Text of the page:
Iraqi forces fight their way into ISIS stronghold Fallujah
Iraqi forces have entered Islamic State-held Fallujah, one of their key strongholds in Iraq, capturing a police station, Reuters reported. On Sunday, Iraq completed a troop build-up around the city, about 65 kilometers (40 miles) west of Baghdad.
Iraqi troops forced their way into the city from three directions on Monday, Lieutenant General Abdelwahab al-Saadi, the commander of the operation.
"Iraqi forces entered Fallujah under air cover from the international coalition, the Iraqi air force and army aviation, and supported by artillery and tanks," al-Saadi told AFP.
"There is resistance from Daesh," he added, using an Arabic acronym for Islamic State (IS, formerly ISIS/ISIL).
The Rapid Response Team, an elite military unit, seized a police station at midday on Monday, state TV reported.
#BREAKING Iraqi forces enter IS-held Fallujah: commanders— AFP news agency (@AFP) May 30, 2016
An Iraqi military officer told Reuters the government's military unit is currently trying to advance in Fallujah, with explosions and heavy gunfire reportedly heard in Fallujah's southern Naimiya district.
Iraqi government-led forces launched an offensive to dislodge IS militants from Fallujah a week ago, and have been slicing through ISIS positions ever since. The terrorist group still controls territory in the north and west of the country, including Iraq's second largest city, Mosul.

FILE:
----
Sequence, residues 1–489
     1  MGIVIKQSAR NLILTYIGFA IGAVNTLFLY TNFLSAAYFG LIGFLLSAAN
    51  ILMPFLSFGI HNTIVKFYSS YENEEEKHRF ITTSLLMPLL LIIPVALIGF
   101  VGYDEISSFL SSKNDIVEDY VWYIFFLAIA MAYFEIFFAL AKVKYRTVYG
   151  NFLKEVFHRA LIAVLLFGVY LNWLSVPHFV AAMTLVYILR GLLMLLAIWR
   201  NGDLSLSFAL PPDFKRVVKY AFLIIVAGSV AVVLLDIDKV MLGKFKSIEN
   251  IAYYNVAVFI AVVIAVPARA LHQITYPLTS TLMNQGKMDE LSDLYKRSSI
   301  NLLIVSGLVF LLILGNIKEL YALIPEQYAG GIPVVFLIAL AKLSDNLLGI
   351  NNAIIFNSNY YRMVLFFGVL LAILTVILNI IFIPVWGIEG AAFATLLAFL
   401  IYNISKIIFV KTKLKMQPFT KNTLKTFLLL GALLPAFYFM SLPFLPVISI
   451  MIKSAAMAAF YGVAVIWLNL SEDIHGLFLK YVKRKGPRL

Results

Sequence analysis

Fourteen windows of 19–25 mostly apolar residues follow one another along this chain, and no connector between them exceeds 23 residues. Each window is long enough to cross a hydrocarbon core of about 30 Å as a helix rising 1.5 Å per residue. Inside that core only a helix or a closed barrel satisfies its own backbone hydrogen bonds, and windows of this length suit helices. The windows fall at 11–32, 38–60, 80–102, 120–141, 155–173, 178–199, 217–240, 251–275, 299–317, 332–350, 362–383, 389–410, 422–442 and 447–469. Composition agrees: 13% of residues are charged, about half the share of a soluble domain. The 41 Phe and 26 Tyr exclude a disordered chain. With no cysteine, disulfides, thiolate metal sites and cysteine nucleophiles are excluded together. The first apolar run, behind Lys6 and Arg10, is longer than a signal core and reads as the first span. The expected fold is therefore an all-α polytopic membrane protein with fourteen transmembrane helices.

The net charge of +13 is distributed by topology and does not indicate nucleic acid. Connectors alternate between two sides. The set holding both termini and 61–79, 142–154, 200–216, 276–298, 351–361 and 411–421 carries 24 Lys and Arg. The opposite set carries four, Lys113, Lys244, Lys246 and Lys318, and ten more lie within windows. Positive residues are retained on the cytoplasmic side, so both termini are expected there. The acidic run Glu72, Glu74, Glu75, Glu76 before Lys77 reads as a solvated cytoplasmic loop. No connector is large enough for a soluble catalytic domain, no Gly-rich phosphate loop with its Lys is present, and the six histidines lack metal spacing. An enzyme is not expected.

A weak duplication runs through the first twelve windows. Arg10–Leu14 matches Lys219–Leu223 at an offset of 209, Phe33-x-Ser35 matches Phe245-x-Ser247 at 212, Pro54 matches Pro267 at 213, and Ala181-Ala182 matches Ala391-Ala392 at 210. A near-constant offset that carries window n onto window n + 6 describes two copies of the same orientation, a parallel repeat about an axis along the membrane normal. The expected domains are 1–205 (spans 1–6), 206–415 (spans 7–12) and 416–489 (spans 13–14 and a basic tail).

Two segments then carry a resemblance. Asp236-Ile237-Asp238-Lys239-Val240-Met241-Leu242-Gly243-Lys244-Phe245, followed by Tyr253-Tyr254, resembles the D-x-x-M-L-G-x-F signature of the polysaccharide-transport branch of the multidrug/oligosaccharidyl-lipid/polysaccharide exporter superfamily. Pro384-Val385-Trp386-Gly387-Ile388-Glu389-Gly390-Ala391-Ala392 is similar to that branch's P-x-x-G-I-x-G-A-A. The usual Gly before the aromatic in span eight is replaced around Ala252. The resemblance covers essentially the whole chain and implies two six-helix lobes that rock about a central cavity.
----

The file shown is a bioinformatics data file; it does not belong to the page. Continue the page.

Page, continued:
Major Dhia Thamir told AP on Sunday that Iraqi troops had recaptured 80 percent of the territory around the city since the operation began last week. Iraqi Prime Minister Haider al-Abadi said, during a televised speech to parliament, that the "current second phase of the Fallujah operation" will last less than 48 hours.
The large-scale assault, carried out by the Army, police counterterrorism units, local tribal fighters and a coalition of Shiite Muslim militias, continues on all fronts around the city. Besides making vast gains in the north, forces, aided by US advisers, have also been advancing on the city from the Sinjar direction.
“We are moving in the right direction. We are killing those criminals,” a police unit fighter told RT last week, adding that approaches to the city are mined.
Fallujah, which survived some of the heaviest fighting of the 2003-2011 US-led military intervention, was the first city in Iraq to fall under IS control in January 2014. In late June, 2014, the extremists declared a caliphate in territories seized in Iraq and Syria.
Several bombings were launched by IS in Iraq on Monday, and are believed to be aimed at distracting the attention of security forces.
In Baghdad, a suicide bomber rammed his explosives-laden car into a checkpoint next to a commercial area, killing eight civilians and three soldiers. Up to 14 others were wounded, a police officer told AP.
A suicide car bomber also struck a market in the town of Tarmiyah, about 50 kilometers (31 miles) north of Baghdad, killing seven civilians and three policemen, another officer said. Twenty-four people were wounded.